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These toys, on AAFES shelves in Korea in May, are manufactured by Toy Century Industrial Ltd., a company at the center of recent recalls for using lead-based paint in its products.

These toys, on AAFES shelves in Korea in May, are manufactured by Toy Century Industrial Ltd., a company at the center of recent recalls for using lead-based paint in its products. (Photo courtesy of U.S. Consumer Product Safety Commission)

SEOUL — For the second time in three months, AAFES recalled toys made by Hong Kong-based distributor Toy Century Ltd. after discovering unacceptable levels of lead-based paint.

Army and Air Force Exchange Service officials announced Thursday that four toy sets sold under their in-house Soldier Bear brand were pulled from shelves.

AAFES still carries some Toy Century products, but an Okinawa-based spokesman, Master Sgt. Donovan Potter, said Thursday that those toys either have passed testing or use no surface paint.

On May 14, AAFES officials recalled an action figure play set made by Toy Century because of lead-based paint problems. AAFES said in May it hired an independent laboratory to test some of its Toy Century products following a Toys “R” Us recall in March.

After the May recall, Stars and Stripes reported that AAFES still was selling 22 Toy Century products and that some of the toy sets contained pieces that appeared to be identical to those involved in recalls from Target in November 2006 and the March Toys “R” Us recall.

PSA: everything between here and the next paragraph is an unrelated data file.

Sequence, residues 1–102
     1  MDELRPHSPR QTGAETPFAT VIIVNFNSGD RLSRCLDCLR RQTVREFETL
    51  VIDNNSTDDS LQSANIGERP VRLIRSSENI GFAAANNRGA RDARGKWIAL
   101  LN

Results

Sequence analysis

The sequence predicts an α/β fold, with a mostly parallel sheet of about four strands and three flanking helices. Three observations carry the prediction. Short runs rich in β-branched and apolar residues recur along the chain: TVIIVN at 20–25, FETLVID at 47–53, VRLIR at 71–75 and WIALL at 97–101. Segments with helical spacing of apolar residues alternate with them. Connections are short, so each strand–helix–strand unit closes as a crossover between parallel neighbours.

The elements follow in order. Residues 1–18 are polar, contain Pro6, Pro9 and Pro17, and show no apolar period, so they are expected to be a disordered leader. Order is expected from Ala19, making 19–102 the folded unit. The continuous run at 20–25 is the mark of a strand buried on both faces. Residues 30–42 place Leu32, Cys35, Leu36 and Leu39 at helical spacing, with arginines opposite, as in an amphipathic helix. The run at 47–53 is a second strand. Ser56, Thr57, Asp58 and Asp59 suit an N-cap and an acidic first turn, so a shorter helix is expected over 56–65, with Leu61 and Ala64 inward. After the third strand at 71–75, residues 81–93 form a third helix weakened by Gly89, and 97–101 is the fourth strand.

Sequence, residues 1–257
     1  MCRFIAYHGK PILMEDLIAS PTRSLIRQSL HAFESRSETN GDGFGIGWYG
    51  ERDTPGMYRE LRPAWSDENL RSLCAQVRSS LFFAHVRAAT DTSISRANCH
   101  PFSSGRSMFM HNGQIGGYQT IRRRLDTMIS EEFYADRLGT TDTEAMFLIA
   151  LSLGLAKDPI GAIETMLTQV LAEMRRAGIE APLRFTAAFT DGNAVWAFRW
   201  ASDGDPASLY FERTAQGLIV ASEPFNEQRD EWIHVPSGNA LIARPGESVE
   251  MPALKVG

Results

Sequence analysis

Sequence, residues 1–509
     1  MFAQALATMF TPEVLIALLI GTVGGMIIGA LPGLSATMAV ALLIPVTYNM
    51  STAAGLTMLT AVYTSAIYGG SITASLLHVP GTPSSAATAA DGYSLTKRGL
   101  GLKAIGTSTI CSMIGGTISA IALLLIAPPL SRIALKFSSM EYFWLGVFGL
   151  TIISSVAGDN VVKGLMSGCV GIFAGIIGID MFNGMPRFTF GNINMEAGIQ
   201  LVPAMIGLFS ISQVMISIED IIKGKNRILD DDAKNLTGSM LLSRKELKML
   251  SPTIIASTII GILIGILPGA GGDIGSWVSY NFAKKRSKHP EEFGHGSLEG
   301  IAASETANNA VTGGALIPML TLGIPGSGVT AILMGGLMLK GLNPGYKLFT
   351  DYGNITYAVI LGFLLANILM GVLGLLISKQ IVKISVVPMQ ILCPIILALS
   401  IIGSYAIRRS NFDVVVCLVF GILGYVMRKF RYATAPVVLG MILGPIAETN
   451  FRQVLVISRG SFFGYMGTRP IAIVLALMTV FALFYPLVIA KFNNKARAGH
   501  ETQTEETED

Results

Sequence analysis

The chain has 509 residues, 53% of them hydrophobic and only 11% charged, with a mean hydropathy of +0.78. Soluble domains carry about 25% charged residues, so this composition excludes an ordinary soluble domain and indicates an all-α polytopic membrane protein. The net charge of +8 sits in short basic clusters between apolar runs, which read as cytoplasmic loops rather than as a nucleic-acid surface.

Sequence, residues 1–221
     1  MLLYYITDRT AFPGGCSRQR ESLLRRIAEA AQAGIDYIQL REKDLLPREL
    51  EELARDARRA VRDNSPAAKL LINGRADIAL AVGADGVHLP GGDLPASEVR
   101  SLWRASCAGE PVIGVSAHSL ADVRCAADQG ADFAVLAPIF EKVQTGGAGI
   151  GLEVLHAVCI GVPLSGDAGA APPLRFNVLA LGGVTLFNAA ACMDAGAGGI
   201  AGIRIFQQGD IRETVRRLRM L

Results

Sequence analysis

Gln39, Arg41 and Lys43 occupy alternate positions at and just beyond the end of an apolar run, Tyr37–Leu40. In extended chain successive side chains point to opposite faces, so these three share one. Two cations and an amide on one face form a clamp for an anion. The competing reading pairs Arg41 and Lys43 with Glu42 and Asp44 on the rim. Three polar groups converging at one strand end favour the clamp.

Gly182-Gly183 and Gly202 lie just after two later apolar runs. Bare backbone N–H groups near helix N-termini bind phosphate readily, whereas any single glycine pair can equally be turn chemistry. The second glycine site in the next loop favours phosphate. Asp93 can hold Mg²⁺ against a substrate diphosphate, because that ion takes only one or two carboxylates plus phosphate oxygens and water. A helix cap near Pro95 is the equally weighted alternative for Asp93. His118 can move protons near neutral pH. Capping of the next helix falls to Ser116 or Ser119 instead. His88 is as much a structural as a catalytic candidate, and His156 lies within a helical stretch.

AAFES officials in Dallas, contacted in May via e-mail and phone, told Stripes there were no problems with their Toy Century products and that no additional lead testing was required because “it had not been confirmed that the toys … are identical to what was recalled” from Target and Toys “R” Us.

AAFES spokesman Judd Anstey said then that Toy Century had provided “independent laboratory reports” stating that all its toys complied with U.S. safety regulations before AAFES added the products to its stock in 2006. He said that he didn’t consider the lab results questionable, even after AAFES was forced to recall one of the toy sets because of lead-based paint.

Potter said officials changed their minds about additional testing because they wanted to make sure their Soldier Bear toys were safe. He said he would have to check with officials in Dallas to find out who made the decision to test the toys and when that testing began.

“The recall of four Toy Century-made products is a direct result of this command’s commitment to quality assurance,” Potter stated in an e-mail Thursday.

AAFES said 8,000 toy sets under both recalls were sold from their stores in the last two years. AAFES has received no reports of illnesses or injuries, according to Thursday’s announcement.

AAFES advised customers to immediately take the toys away from their children and return them to the nearest AAFES store for a full refund.

According to the National Safety Council Web site, lead poisoning in children can cause IQ deficits, learning disabilities, behavioral problems, stunted or slowed growth, impaired hearing, kidney damage, mental retardation, coma and death.


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